The Designing Peace exhibition at the Cooper Hewitt, SMITHSONIAN DESIGN MUSEUM, the only museum dedicated to historic and contemporary design, explores what our lives would be like if societies designed and acted as a whole for Peace. Among the 40 design proposals, initiatives and interventions from 25 countries, represented by objects, full-size installations, maps, images and films are also our favorite Safe Passage bags products! Thus, the highly aesthetic creations of the Safe Passage workshop of Solidarity Lesvos, which gave a new meaning and a second life to the life jacket, a symbol of the refugee today and created a fertile ground for the integration of the refugees of Mytilene, traveled to New York and participate in the periodical exhibition of this historical museum.
Visitors to the exhibition, which will run until September 4, 2023, encounter a wide range of design challenges from around the world that examine issues such as socio-economic inequality, environmental degradation, while at the same time being encouraged to consider their own 'proposal' for the peace planning through interactive installations, quiet moments of reflection and opportunities for practical action. Exhibits include "Black Lives Matter," a Harlem Street graffiti, one of eight painted in New York, the new World Peace Symbol, created by a Uruguayan graphic artist, contemporary applications such as Regreening Africa, which allows local farmers to easily record and share their land restoration efforts in sub-Saharan Africa, Collaborative Architecture's Peace Pavilion, which created a "national war museum" competition to change the conversation about war and nationalism but also the PeaceTech Lab's Hate Speech Lexicons, a series of manuals that identify and explain conflict-inducing language!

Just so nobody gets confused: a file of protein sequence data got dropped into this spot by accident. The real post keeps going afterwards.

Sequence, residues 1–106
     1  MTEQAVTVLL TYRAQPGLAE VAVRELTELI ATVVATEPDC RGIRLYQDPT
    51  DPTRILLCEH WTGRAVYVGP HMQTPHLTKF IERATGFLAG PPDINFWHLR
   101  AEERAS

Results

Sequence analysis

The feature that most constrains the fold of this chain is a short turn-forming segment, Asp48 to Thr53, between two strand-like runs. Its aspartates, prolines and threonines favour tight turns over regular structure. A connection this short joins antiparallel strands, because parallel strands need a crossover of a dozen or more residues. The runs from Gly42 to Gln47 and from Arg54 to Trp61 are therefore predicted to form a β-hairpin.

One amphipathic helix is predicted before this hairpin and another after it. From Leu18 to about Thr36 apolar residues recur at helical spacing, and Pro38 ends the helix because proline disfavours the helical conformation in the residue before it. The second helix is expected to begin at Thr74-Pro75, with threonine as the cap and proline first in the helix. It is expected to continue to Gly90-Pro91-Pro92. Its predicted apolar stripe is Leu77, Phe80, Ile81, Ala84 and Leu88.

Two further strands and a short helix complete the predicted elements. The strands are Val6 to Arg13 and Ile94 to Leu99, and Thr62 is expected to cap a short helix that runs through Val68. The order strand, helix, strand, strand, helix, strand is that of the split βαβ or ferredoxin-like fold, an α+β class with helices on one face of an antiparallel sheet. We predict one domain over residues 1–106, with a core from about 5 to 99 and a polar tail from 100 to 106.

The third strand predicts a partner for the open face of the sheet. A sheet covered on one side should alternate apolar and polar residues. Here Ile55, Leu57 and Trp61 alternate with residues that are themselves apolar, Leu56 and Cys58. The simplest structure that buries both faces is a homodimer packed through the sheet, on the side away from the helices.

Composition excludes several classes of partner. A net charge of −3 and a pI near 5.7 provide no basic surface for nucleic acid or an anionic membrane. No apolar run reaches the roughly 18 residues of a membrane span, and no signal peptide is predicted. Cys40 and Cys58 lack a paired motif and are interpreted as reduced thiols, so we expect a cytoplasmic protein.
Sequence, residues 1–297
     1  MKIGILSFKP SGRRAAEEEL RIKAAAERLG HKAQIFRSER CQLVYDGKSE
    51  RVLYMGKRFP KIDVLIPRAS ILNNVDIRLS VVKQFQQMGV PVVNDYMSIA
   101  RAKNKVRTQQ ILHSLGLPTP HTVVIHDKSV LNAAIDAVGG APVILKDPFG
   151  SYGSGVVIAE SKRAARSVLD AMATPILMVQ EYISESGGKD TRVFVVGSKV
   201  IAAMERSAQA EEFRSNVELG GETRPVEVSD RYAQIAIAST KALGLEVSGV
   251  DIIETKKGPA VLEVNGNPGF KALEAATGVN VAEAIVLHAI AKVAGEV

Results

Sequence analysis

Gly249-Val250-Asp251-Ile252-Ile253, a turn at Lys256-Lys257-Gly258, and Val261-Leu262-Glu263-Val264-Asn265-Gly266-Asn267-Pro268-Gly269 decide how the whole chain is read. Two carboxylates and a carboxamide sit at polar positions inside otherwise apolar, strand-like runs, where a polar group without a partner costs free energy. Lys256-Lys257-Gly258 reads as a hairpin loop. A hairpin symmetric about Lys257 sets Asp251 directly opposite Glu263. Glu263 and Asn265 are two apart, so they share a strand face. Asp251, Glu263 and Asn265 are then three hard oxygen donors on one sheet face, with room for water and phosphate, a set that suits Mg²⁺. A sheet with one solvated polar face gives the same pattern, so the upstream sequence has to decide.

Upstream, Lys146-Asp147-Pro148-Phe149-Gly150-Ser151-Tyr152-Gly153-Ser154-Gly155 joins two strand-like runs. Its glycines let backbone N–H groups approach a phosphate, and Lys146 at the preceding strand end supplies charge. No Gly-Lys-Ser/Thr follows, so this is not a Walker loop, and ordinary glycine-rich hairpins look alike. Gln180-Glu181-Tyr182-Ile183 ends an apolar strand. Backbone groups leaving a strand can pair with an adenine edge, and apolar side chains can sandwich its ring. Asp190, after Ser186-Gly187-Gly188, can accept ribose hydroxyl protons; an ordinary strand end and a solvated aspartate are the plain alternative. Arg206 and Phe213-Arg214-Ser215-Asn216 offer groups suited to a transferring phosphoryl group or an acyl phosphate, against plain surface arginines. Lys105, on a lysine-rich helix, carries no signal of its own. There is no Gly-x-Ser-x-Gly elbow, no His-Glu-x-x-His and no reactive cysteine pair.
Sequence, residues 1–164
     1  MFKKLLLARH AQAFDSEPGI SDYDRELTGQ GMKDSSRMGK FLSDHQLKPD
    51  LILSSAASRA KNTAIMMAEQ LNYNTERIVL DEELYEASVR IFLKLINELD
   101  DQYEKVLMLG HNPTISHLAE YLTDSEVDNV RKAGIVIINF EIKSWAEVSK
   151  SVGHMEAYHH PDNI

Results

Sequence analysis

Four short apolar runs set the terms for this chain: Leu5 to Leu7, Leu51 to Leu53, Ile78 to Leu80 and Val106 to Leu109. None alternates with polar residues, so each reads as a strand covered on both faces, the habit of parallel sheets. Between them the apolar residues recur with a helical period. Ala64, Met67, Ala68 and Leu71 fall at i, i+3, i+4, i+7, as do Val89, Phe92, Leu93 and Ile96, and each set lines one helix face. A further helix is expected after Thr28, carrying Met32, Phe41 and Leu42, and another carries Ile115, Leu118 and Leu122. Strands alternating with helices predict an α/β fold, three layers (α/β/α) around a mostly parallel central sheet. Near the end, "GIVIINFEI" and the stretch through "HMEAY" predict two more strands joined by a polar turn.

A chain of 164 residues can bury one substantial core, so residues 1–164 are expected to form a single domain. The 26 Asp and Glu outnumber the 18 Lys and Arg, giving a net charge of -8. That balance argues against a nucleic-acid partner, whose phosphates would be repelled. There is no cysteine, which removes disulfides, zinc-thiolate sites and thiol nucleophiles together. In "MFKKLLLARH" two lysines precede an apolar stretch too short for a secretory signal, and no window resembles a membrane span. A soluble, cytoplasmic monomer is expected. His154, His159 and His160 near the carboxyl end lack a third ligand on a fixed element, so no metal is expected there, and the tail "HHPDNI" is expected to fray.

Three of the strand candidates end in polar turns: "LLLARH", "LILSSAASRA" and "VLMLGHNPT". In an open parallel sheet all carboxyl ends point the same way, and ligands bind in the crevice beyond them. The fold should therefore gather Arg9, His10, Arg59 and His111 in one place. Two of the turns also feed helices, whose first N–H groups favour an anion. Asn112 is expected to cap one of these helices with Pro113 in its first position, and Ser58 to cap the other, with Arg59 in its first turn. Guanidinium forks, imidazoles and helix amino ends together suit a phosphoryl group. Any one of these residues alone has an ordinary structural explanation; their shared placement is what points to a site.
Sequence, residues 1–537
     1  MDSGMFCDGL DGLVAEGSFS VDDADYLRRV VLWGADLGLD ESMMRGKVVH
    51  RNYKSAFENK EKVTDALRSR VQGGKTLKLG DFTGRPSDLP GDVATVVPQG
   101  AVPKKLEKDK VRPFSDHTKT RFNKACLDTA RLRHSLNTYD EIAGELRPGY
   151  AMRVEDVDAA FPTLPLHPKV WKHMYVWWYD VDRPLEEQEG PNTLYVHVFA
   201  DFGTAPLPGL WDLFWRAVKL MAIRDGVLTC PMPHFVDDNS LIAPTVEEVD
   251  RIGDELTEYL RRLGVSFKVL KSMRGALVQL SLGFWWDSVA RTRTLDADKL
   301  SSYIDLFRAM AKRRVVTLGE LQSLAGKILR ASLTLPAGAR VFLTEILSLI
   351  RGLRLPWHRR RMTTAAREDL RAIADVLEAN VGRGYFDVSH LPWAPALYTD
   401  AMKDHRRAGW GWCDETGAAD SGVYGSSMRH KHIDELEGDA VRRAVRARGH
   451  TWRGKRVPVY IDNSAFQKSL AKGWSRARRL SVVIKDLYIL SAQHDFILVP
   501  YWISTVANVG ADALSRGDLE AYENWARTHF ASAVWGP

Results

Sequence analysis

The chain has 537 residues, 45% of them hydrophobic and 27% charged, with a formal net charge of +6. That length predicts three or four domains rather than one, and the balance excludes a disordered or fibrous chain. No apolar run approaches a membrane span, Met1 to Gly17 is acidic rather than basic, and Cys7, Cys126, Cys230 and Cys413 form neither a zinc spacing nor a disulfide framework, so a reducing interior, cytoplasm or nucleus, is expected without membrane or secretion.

Established in 2015, the Safe Passage Bags workshop, which offers job training and employment opportunities to refugees and locals living on the island, creates new products by recycling immigration-related trash. Life jackets, boats, tents and old clothes convey the stories of the refugees who passed through, forced to make the journey from Turkey to the camps on Lesvos due to the EU's unfair and dangerous border policies.